Feds Eliminate Fee for '.Gov' Web Addresses


Smaller localities in particular have said that the $400 annual cost was a barrier to adopting the government-specific URL.

State and local governments, at least for much of this year, will no longer have to pay a $400 annual fee to the federal government to get website addresses that end in “.gov.”

The Department of Homeland Security’s Cybersecurity and Infrastructure Security Agency announced the change Tuesday. The agency says it will do away with renewal and registration fees, making .gov domains available for free to eligible organizations, effective immediately. The fees will be canceled at least until the end of the 2021 federal fiscal year, on Sept. 30.

Cybersecurity experts warn that when government agencies use “.com” or “.org” suffixes, it can make it harder for users to know when they’re on an official website. This opens the door for criminals, or other bad actors, to set up imposter sites that can be used to steal personal data, or to spread misinformation about things like elections.

A bill tucked into federal coronavirus relief legislation enacted in December included provisions meant to boost local government adoption of .gov URLs. That law also transferred the federal DotGov program to CISA from the General Services Administration.

CISA said in an online notice that a leading concern that came up during conversations the agency had with current, former and potential .gov registrants was the $400 annual fee.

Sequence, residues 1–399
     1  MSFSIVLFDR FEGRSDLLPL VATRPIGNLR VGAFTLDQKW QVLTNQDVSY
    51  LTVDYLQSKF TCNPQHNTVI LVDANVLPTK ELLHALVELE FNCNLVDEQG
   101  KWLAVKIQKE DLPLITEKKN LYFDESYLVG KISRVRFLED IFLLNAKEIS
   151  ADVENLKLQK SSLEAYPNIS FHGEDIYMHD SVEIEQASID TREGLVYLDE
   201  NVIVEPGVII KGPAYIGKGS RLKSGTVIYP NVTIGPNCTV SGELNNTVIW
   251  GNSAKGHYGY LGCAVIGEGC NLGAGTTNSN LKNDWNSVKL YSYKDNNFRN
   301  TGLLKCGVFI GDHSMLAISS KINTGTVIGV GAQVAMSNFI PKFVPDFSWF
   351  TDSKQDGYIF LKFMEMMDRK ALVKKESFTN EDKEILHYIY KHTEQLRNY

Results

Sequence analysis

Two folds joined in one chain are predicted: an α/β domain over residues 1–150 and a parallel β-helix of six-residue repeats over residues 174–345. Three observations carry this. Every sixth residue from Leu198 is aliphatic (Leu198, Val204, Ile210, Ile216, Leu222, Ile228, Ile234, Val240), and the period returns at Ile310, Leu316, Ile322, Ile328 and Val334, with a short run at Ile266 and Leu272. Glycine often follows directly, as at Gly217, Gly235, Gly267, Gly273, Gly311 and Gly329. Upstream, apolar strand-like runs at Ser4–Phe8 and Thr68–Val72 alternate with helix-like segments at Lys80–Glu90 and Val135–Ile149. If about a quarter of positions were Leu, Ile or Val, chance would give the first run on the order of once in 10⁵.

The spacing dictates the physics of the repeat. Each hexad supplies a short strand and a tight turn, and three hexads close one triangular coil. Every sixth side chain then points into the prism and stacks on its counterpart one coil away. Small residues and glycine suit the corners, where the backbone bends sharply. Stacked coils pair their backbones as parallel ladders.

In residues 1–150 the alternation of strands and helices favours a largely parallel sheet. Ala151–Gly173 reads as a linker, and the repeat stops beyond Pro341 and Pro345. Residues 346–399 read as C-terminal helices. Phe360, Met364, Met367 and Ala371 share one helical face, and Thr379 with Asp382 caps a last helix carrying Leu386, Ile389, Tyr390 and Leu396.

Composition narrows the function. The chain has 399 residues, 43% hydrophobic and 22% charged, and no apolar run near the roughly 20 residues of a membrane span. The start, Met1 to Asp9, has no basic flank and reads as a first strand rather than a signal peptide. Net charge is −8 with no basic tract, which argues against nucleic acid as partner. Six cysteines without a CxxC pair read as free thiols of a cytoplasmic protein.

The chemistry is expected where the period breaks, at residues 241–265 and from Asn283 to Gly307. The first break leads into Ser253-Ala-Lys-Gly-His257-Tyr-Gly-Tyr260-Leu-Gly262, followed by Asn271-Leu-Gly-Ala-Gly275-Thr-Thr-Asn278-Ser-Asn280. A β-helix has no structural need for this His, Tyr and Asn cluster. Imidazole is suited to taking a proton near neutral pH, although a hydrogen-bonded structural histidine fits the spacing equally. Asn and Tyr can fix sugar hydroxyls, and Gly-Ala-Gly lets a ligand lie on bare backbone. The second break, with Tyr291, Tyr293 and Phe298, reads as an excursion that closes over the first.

“Government IT administrators have often found the higher price hard to justify to their management in the face of lower-cost alternatives, typically priced at less than $20 annually,” CISA said. “This is felt most acutely by smaller municipalities and the election community.”

“There’s perhaps never been a more important time for the public to know where to get official government information online,” the notice added.

CISA is also waiving fees for federal agency .gov registrants. 

The December legislation made shifting online services over to .gov sites an eligible expense to cover with Homeland Security grant funds. CISA explained in its notice that the cost of migrating can include more than just the registration fee. So it’s still possible local governments could find ways to use the money for .gov transition projects.

Governments and agencies that already paid $400 for the year are out of luck if they’re hoping to get the money back. CISA says it will not be issuing any refunds.

In addition to the fee announcement, the agency also outlined some requirement updates for obtaining and maintaining a .gov domain. More details about the changes can be found here.

Bill Lucia is a senior reporter for Route Fifty and is based in Olympia, Washington.

NEXT STORY: White House Endorses Inclusion of Cybersecurity in Water Infrastructure Bill